It is the position of the GDRA that the residents of the immediate area around the park are uniquely qualified to comment on the external impact of the facility, its location, and the design of the remaining park.  Literally every single person who either lives on the north side of Shuter or works on the south side of Queen that we have approached to discuss the re-location thinks it is a bad idea from a neighbourhood perspective.  A petition confirming this point of view will be sent to the councillor’s office this week.

At its core, the decision of whether the facility should be sited on the east or west side of the park is going to turn on the relative contribution of the John Innes Centre and Moss Park to the community.  The GDRA feels that while both are important assets, it will be easier to replicate the services provided by the John Innes Centre elsewhere on a temporary basis than it will be to replicate the value, however un-programmed, of the park.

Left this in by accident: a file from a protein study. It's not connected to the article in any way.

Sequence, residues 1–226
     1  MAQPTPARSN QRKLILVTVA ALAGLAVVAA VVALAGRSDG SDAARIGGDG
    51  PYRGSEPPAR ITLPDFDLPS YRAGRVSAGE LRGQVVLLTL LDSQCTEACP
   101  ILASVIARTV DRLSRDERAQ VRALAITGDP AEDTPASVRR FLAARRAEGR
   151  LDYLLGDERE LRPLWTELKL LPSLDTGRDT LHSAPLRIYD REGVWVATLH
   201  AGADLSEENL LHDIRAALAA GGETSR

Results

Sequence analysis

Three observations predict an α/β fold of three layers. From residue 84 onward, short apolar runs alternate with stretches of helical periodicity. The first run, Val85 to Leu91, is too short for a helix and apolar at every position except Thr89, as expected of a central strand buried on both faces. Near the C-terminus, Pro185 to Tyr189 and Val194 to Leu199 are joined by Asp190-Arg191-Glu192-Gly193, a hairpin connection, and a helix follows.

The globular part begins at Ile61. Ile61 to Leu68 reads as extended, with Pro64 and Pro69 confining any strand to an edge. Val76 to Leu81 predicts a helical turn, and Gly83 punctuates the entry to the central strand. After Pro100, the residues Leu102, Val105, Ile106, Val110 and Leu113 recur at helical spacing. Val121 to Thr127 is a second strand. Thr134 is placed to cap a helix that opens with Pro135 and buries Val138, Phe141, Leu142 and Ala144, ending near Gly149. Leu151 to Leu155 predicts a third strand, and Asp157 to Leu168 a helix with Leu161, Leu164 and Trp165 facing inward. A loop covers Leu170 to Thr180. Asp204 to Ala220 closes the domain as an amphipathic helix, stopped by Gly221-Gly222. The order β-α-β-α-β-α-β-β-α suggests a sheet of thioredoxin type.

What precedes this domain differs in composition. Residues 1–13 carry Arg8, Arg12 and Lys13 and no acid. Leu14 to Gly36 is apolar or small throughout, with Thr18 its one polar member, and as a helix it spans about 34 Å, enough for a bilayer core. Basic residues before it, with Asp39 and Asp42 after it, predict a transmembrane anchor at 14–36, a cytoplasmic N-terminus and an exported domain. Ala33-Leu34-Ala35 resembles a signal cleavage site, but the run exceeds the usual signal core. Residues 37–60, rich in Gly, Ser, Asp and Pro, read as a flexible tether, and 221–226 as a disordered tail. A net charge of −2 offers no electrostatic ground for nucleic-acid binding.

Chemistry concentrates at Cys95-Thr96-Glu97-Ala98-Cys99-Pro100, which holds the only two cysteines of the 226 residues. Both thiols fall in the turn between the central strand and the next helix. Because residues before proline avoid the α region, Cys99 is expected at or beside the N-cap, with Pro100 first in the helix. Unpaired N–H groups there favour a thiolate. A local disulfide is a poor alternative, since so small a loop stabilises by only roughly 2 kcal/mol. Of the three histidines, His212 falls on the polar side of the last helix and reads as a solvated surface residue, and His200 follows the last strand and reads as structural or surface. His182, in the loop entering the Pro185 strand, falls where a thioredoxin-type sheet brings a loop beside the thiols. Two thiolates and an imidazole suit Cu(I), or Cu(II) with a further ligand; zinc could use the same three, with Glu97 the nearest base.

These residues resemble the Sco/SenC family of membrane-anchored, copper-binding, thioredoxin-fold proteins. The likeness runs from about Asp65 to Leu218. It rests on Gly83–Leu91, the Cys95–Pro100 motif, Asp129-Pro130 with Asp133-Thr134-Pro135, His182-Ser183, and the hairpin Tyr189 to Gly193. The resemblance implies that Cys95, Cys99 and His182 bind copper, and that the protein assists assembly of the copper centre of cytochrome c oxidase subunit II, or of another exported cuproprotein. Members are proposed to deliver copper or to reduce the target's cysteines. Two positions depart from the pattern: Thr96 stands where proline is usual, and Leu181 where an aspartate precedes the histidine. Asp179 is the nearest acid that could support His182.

Please …

1.      Move the facility back to the east side of the park, by all means leaving the building design intact, perhaps as a mirror image of the renderings from the most recent meeting.

2.      Invest the time and energy necessary to find alternative venues for at least some of the key programs currently hosted by the John Innes Centre during construction of the new facility.

3.      Recognize that not all stakeholders should have equal say on all aspects of the development.  When it comes to the design of the building and the programs to be housed in the building, specialists in design and community programming are clearly best positioned to comment and recommend.  When it comes to the park as a whole, please recognize that the design will have a huge impact on the fabric of the local neighbourhood and that the voices of those who live and work nearby should be heard the loudest.

4.      Talk to us.  Meet with us.  We will approach any conversation with open minds and a genuine interest in moving this project forward.

5.      Please let us know in advance if any more major changes to the design are contemplated.